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October 5, 2023 | Japan Is In That Box

John Rubino is a former Wall Street financial analyst and author or co-author of five books, including The Money Bubble: What to Do Before It Pops and Clean Money: Picking Winners in the Green-Tech Boom. He founded the popular financial website in 2004, sold it in 2022, and now publishes John Rubino’s Substack newsletter.

People keep talking about the “box” in which profligate countries will someday find themselves, where the tools that used to work no longer do and everything falls apart.

Japan might be in that box. After years of soaring government debt and central bank “financial repression” to make that debt manageable, it now finds itself in the following situation:

The yen is plunging:

Interest rates are spiking:

And the Bank of Japan already owns about half of all outstanding government debt:

Mutually exclusive policy tools

So how does the BoJ respond to spiking interest rates and a plunging currency? With tools that cancel each other out:

Bank of Japan hikes bond buying as benchmark yields hit decade peak

(CNBC) – The Bank of Japan announced it’s increasing its bond purchases at Wednesday’s auction, as a spike in government bond yields tests its resolve to defend its yield curve control policy.

In a statement Monday, the Japanese central bank said it will conduct an unspecified amount of additional purchases of Japanese government bonds with tenures of more than five years and up to 10 years. This adds to the BOJ’s reported 300 billion yen ($2 billion) Friday bond purchase with similar maturities.

Japan hints that even slow yen sell-off may trigger intervention

(Nikkei Asia) – Comments by Japan’s top currency diplomat on Wednesday suggest that Tokyo may be ready to defend the currency even from moderate declines, market watchers said, as high inflation remains a risk.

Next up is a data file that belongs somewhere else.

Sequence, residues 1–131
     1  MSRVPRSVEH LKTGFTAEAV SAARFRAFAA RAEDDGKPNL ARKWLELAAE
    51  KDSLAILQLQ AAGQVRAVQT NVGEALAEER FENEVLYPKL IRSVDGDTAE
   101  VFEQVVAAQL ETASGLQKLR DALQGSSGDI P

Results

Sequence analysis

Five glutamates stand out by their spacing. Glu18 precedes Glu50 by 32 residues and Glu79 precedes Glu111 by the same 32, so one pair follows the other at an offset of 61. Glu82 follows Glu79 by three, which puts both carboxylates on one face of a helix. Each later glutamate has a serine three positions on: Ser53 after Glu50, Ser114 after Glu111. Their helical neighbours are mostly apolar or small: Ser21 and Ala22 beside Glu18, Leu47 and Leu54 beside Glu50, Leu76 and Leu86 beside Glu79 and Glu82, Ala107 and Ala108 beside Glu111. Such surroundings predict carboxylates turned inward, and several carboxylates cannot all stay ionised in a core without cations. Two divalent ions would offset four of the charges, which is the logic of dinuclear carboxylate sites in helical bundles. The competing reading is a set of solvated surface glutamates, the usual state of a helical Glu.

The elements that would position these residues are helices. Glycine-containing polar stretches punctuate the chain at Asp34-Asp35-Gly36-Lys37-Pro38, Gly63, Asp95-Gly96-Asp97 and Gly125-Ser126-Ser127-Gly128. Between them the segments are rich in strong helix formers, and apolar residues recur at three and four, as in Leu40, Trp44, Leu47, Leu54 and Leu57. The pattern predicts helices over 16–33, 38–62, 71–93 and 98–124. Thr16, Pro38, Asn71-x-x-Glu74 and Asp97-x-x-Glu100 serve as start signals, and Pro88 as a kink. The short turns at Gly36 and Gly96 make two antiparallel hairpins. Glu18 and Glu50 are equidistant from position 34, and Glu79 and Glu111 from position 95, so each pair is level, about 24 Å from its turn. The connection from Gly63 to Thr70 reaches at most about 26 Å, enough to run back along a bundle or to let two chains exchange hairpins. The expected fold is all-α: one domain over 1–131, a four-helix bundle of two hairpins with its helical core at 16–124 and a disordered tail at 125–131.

The speculation over Japan’s stance on intervention comes after the currency reversed sharply Tuesday from a one-year low of just over 150 yen to the U.S. dollar.

Masato Kanda, Japan’s vice finance minister for international affairs, neither confirmed nor denied that Japan had taken action. But he told reporters Wednesday that “if one-way movements accumulate and a very large movement occurs within a certain period of time, it may be considered excessive volatility.”

Kanda on Wednesday specifically pointed to the currency’s drop of more than 20 yen against the dollar since the start of this year, hinting at the possibility of intervention based on not only moves over the course of a day or a week, but even a slow slide over a longer period.

Add in an equities bear market

Propping up a weak yen by buying the currency and retiring it while forcing interest rates down by buying bonds with newly-created yen is analogous to inflating and deflating a balloon at the same time. One thing negates the other and antagonizes everyone with a stake in the financial system. Here’s what Japan’s stock market thinks of the BoJ’s recent incoherence:

Add an equities bear market to the mix and the BoJ faces three emerging crises: a plunging currency, spiking interest rates, and falling stock prices. Are we about to see a three-pronged attack in which the BoJ simultaneously buys stocks, bonds, and yen with newly-created currency? Very possibly. The result? At least one and maybe all three markets implode, ending the experiment. Stay tuned.

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October 5th, 2023

Posted In: John Rubino Substack

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